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In Java I see sometimes the constructor declared as 'public' and sometimes it has no access modifier meaning it's package-private. What are the cases in which I must use one over the over and vice-versa?

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3 Answers 3

The question contains the answer. Make the constructor public if you allow your client code outside the package instantiate your object. If you don't want that( because object is package specific or the object itself can't be instantiated directly ) use package-private.

For example, if you have a client code that should use a Car ( which is an interface ) and some package com.company.cars contains classes, which implements the Car interface( BMW, WV, Opel ) and so on, then you would rather have a factory which instantiates necessary Car implementation. So, only the factory would have access to the constructor.

public CarFactory {
  public Car getCar(CarType carType) {
    Car result = null;
    switch(carType) {
      case BMW:
        result = new BMW();
      case Opel:
        result = new Opel();
    return result;

class BMW implements Car {
   // package-private constructor
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Modifiers applies to constructor same as fields and method.

  1. If it is public, any class can access and see it.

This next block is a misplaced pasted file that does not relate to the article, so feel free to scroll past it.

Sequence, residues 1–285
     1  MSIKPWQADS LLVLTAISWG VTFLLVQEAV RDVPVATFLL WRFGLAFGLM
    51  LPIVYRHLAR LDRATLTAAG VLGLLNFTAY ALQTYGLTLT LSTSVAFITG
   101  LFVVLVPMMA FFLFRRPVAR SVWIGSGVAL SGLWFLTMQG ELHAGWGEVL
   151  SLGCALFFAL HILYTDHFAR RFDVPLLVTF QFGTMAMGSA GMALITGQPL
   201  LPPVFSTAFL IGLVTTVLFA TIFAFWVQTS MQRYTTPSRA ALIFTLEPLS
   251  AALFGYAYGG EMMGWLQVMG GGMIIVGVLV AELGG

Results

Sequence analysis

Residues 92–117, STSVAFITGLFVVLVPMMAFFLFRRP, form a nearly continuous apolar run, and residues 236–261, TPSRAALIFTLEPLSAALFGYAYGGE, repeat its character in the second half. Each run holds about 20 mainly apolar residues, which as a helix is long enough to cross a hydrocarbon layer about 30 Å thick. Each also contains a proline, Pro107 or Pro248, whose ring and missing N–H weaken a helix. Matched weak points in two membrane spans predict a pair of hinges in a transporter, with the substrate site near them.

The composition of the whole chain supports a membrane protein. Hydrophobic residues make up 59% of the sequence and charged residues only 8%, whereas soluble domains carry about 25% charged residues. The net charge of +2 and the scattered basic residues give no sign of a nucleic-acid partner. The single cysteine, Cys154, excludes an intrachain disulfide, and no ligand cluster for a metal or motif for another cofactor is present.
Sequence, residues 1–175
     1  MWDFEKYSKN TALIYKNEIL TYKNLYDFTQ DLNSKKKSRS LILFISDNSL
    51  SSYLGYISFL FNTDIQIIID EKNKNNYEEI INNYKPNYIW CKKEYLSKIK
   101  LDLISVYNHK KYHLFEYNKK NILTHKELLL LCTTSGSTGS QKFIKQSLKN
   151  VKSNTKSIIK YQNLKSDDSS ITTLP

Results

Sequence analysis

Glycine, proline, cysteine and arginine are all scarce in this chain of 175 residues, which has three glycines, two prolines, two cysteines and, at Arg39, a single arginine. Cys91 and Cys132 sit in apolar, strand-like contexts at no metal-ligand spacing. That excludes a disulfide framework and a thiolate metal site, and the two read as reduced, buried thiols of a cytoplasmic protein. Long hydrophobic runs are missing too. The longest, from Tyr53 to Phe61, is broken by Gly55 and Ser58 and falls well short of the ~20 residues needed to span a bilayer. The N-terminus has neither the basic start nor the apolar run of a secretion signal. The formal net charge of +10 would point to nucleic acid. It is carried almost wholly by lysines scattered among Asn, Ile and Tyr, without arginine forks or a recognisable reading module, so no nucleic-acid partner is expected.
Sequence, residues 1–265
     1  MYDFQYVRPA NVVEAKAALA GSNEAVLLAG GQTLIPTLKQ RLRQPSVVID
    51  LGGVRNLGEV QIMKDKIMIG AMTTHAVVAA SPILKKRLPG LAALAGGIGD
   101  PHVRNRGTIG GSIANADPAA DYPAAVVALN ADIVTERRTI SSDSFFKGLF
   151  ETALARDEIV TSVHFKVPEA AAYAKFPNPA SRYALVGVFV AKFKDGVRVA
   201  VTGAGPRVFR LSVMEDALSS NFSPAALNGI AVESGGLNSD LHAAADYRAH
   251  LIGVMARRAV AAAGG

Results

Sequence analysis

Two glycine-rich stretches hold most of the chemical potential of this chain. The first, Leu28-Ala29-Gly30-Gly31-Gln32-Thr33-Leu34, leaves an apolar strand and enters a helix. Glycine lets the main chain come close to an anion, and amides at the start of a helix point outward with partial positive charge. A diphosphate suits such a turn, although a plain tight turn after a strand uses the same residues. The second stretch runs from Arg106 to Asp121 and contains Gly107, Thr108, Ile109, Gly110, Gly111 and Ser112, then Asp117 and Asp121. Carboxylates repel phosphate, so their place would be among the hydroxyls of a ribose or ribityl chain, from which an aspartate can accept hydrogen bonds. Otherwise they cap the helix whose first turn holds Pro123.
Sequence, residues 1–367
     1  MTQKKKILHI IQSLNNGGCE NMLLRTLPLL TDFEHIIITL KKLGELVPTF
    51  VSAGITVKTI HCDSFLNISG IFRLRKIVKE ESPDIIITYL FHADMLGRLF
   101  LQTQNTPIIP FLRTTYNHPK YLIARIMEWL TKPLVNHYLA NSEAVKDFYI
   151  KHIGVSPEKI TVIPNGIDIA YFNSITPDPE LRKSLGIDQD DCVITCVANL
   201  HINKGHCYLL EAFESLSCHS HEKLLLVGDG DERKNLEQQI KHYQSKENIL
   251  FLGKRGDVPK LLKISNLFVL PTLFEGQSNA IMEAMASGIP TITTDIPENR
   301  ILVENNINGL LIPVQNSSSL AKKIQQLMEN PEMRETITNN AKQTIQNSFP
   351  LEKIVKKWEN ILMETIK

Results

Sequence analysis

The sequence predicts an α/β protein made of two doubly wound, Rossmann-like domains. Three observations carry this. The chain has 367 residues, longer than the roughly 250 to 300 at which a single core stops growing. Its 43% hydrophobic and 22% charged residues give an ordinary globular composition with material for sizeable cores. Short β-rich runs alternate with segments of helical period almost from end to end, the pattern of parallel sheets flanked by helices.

2. If it is private, no other class outside that class can access or see it.

Read more about access control at documentation

Generally constructors are made private when you use Factory pattern or Singleton pattern

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In particular, see the section "Tips on Choosing an Access Level". –  Raedwald Dec 30 '10 at 12:12
private constructors for the "Factory" pattern? You mean static factory [creation] methods, and not GoF Abstract Factory (usually just called a factory) and Factory Methods. –  Tom Hawtin - tackline Dec 30 '10 at 14:29
@Tom yes Static Factory Pattern –  Jigar Joshi Dec 30 '10 at 15:13

"Package private" (default access), despite being the default, is rarely a good choice other than on outer class/interface/enum. It would be appropriate for an abstract class with a fixed set of subclasses (in the same package), a bit like an enum constructor in the same enum. If the outer type is package private, you might as well leave public constructors and members public rather than a more exotic access modifier.

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